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Atlas of the Transatlantic Slave Trade

 

Pinpointing DNA Ancestry in Africa.

 

DNA research shows that most African-Americans descended from just three regions of Africa -- all on the Atlantic side of the continent.

 

Before the advent of DNA testing, scholars relied on shipping records that listed the African ports from which slaves were exported to determine where in Africa the African-descended population of the United States originated. But these lists were quite limited because they noted only the port of departure and not the actual community from which the enslaved were taken. 

 

Advancements in DNA analyses, along with African shipping records, have revealed that African Americans do not have roots in the entire continent. A relatively small number of African groups supplied the lion's share of the ancestral African population.

 

In fact, three large regions of Atlantic Africa were the major contributors to the slave trade: Upper Guinea, including the modern countries of Senegal, Mali, Gambia, Guinea, Sierra Leone and Liberia; Lower Guinea, including the southern portions of Eastern Ivory Coast, Ghana, Togo, Benin and Nigeria; and West Central Africa, which encompassed mostly the western portions of the Democratic Republic of Congo and Angola. In all, these regions made up only about 15 percent of Africa's total area, all on the Atlantic side of the continent.

 

People were once skeptical of claims made by early DNA ancestry-tracing services that they could identify a subject's "tribe" or "ethnicity" in Africa; the available data didn't seem to sustain such claims. But new ways of calculating ancestry from the genome and larger African samples can make determining ethnic identifications more accurate.

 

The Language Connection

Today, speaking a common language is the primary way to identify an African tribal or ethnic affiliation. Since African languages are quite stable and reports of these languages demonstrate that there has not been any large population movement within the slave-exporting region of Africa in the past 400 years or so, it should be relatively easy to match modern ethnicities or tribes with those of the slave-trade era.

 

However, the names of these languages and ethnic groups have changed over that period. For example, in 1767 a German missionary named Christian Georg Andreas Oldendorp did a survey of slaves living in the Danish West Indies to try to determine which languages should be used for evangelical purposes. The Danish West Indies received slaves from the same shipping route that North America used.

 

Oldendorp, calculating ethnicity by language, listed 30 apparently different languages (his terminology sometimes makes it unclear where political and where linguistic units divided), and he provided vocabulary for 26 of these languages, which allows us to be certain of the modern equivalent. 

 

In the Americas, Africans were most likely to form social units with other people who spoke their language, even if they might belong to different political units; in Africa their identity was more likely connected to a political unit. Their rulers collected taxes, demanded service (including the military service that resulted in their enslavement) and rendered justice, while neighboring polities might well be hostile even if they spoke the same language.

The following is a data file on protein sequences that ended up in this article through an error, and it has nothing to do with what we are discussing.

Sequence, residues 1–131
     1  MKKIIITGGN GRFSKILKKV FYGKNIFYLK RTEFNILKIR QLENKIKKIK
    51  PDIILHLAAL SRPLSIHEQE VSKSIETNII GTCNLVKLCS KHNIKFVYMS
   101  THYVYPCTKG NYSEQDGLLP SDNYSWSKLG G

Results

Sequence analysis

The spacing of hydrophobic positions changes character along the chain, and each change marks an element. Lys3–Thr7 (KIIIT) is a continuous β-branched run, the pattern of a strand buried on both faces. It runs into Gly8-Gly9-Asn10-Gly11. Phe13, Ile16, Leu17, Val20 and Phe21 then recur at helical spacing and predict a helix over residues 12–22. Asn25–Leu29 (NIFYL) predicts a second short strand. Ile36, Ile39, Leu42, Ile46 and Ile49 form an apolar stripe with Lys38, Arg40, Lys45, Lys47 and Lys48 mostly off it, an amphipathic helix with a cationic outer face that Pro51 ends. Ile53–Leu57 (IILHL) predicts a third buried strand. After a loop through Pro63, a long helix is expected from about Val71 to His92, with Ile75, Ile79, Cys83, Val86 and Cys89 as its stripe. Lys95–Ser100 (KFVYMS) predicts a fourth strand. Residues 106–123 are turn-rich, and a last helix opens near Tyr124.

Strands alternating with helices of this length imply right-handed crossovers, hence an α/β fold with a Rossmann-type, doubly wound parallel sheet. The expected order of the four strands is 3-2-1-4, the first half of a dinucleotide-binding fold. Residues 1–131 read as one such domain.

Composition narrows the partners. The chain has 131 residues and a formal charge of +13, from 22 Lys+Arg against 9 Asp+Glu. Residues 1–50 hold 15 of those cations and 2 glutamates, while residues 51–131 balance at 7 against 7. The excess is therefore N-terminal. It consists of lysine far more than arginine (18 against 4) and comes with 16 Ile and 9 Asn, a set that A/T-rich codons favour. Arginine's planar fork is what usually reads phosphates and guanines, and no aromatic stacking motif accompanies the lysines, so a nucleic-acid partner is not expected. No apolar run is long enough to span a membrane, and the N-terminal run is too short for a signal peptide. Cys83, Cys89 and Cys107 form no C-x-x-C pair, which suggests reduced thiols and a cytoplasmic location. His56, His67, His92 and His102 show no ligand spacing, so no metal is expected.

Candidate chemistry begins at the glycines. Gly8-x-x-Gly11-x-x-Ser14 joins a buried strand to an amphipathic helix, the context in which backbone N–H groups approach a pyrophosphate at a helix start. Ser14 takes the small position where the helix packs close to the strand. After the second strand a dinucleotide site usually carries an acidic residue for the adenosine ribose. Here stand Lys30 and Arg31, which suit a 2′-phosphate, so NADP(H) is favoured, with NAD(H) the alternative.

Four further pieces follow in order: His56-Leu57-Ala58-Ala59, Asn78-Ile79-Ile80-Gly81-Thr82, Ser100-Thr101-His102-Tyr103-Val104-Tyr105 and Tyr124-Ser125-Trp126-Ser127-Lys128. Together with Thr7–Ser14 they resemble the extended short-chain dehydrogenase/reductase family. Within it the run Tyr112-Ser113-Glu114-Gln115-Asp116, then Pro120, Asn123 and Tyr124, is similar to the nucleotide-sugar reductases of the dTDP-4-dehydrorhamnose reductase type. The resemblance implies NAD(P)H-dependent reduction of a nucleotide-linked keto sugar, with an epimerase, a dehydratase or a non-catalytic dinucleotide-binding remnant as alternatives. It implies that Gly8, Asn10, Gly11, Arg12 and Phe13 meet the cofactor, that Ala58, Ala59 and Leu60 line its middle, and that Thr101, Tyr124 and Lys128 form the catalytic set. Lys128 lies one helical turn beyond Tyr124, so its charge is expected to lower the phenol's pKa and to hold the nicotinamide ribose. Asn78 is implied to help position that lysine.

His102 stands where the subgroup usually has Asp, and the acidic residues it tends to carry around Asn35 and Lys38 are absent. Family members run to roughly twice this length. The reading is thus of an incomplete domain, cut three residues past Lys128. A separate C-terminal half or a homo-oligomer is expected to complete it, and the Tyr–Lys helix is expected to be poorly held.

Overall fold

People collecting information about identity in America were likely to choose linguistic units, while those commenting on it in Africa were more likely to focus on political units. This created an interesting paradox: The names of African "nations" in America often did not match exactly with the names of "nations" in Africa.

 

The Ethnic Connection

For African Americans seeking to learn about their African ancestry, there is also the issue of ethnic associations. Since the inception of colonialism, Africans have come more and more often to cast their identity in terms of ethnicity, or by "tribal" identity. While most certainly do recognize themselves as citizens of Senegal, Ghana or Angola, they are also quite likely to recognize identity as Wolof, Akan or Mbundu.

 

Neither the political units nor, as often as not, the linguistic units are directly comparable to designations of nations or states given for the era of the slave trade. In fact, less than one-third of Oldendorp's language names are the current names for the language. Ethnic maps, like the famous map published by George Peter Murdock in 1959, are the basis for most understandings of today's ethnicity, and researchers collecting DNA samples are likely to ask for these names when collecting the sample and report their results using the same names.

 

African Americans seeking their roots must understand that there was no Senegal or Ghana in the era of the slave trade, and that while Angola and Congo were commonly used as ethnic names, these places did not have anything like their modern borders.

 

The names of some of the ethnic groups of today have changed, and anyone attempting to find the links to African ancestors must know something about the history of the group.

According to Murdock's ethnic map, Africa has more than 1,000 ethnic groups and as many languages. By Oldendorp's definition, barely 30 of the ethnic groups on Murdock's map contributed to the population of the Americas. Africa appears to be somewhat less diverse in the era of the slave trade.

 

But using the geographic information that Oldendorp supplied, and plotting the borders and ethnicity according to the Murdock map, it becomes clear that Oldendorp's 30 ethnic groups encompassed 46 of today's ethnic groups. (This is because some modern ethnic groups make up two or three of Oldendorp's.) For a list of ethnic groups and their location in modern Africa, go to The Root article African Ethnicities and Their Origins.